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Vice President Al Gore on Monday appealed for the world to overcome differences over abortion and resolve the "spiritual challenge" behind curbing population growth.

Speaking at the U.N. population conference, Gore said the abortion controversy that has driven a wedge between the Clinton administration and the Vatican "will be extremely difficult ever to fully resolve."But he said larger shared principles should allow both sides to work for the betterment of a future world.

U.N. Secretary-General Boutros Boutros-Ghali on Monday called the conference "a turning point for the all-important population issue."

In his speech, Gore chided modern man for ignoring the consequences of today's actions on the future. "Can we find ways to work together, or will we insist on selfishly exploring the limits of human pride?" he asked. "Why is it so hard to recognize that we are all part of something larger than ourselves?"

While the population growth itself is dramatic, he said, it is "a symptom of a much larger and deeper spiritual challenge now facing humankind."

Boutros-Ghali, opening the conference, urged the delegates to "avoid being trapped in absurd and outmoded disputes over words."

And Egyptian President Hosni Mubarak said the debate should "avoid dogmatism and fanaticism," noting the conference participants are people from "dif-fer-ent civilizations, cultures andheavenly messages whose laws should be respected."

Norwegian Prime Minister Gro Harlem Brundtland drew the most enthusiastic applause by sounding a major theme of the conference's draft plan of action - that giving women equality is the best way to slow population growth.

"The girl who receives her diploma will have fewer babies than her sister who does not," Brundt-land said in urging the conference to further women's education.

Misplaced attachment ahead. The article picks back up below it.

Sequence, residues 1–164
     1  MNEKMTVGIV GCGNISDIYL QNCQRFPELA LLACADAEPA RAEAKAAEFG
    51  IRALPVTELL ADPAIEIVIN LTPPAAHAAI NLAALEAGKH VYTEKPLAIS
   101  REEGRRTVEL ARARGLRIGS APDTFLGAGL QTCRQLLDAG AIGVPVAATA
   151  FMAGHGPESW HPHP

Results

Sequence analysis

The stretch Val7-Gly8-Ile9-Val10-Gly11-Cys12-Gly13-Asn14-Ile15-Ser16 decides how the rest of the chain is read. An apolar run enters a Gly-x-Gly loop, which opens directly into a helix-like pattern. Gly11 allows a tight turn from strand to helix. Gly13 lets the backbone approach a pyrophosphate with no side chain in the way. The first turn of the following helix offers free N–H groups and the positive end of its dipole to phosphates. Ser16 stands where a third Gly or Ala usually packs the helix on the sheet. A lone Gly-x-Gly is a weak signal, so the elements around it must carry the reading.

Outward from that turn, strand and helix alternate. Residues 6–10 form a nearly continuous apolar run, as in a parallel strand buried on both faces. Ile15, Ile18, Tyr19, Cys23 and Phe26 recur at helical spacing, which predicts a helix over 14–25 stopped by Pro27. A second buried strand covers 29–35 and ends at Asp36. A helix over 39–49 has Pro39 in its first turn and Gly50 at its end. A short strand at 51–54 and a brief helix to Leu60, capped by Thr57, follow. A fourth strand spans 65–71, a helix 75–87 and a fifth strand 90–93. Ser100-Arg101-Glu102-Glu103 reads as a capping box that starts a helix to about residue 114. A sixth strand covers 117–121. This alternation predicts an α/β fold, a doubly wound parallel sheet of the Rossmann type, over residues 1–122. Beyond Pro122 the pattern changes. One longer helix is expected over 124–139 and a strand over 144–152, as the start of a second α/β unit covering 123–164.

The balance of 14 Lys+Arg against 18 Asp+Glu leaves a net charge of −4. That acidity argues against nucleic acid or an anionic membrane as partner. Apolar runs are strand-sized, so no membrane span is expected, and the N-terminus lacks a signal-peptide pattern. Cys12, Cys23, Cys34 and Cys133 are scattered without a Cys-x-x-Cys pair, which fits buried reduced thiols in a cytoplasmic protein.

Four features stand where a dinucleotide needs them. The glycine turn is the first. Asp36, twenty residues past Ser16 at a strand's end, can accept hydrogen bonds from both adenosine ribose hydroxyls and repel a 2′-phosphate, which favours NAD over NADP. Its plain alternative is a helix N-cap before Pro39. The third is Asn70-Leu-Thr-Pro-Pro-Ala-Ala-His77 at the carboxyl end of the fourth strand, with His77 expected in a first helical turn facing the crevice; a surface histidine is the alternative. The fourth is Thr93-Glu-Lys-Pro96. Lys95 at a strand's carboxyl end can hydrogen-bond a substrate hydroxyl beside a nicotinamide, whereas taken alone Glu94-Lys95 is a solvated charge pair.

She also was applauded for urging delegates to be realistic about abortion and sex education, the issues that have raised loud objections to the draft report from the Vatican and Muslim fundamentalists.

"None of us, whatever our religion, can disregard that abortions occur. And where they are illegal or heavily restricted, the life of the woman is often endangered," she said.

Gore continued the Clinton administration's efforts to smooth over public discord with the Vatican and some Muslim nations while pressing to include abortion services in the population blueprint the conference will adopt.

Entering the conference hall on crutches because of an achilles tendon injury suffered while playing basketball, he made a point of walking over and chatting with two Vatican representatives before taking his seat.

The vice president said that while the Clinton administration supports a woman's right to an abortion, it does not advocate "a new international right to abortion" but believes it is up to each country to decide the issue.

The comment drew applause.

Gore said only a comprehensive strategy of improved child and maternal health, education and access to contraception will stem the world's growth rate, now at 90 million people a year.

"Our margin of error is shrinking," Gore said. "The rapid growth of population is combined with huge and unsustainable levels of consumption in the developed countries . . . and a willful refusal to take responsibility for the future consequences of the choices we make."

Also speaking on the opening day was Prime Minister Benazir Bhutto of Pakistan, who had to buck conservative Islamic voices at home and abroad to attend. Several Muslim nations are boycotting the conference, saying it promotes immorality and seeks to impose Western values on Islamic cultures.

Bhutto appealed to the conference to avoid drafting a plan that would be viewed by some as "a universal social charter seeking to impose adultery, abortion, sex edu-ca-tion and other such matters on in-di-vid-ual societies and religions that have their own social ethos.

"The world needs consensus. It does not need a clash of cultures,' she said.

Pope John Paul II has led a vigorous campaign to steer the conference away from acceptance of abortion and artificial contraception. On Sunday, he said the conference was heading to a "dan-ger-ous shortcut" of reducing birth-rates by any means.

Yet Timothy Wirth, a U.S. undersecretary of state and Washington's top population official, predicted a "very promising" compromise would be worked out on the disputed sections of the conference's final document.

The conference aims to draw up a voluntary strategy to stem the world's population growth. Among the planks in the 113-page draft document are empowering women, improving child and maternal health, integrating development with population concerns and making contraceptives widely available.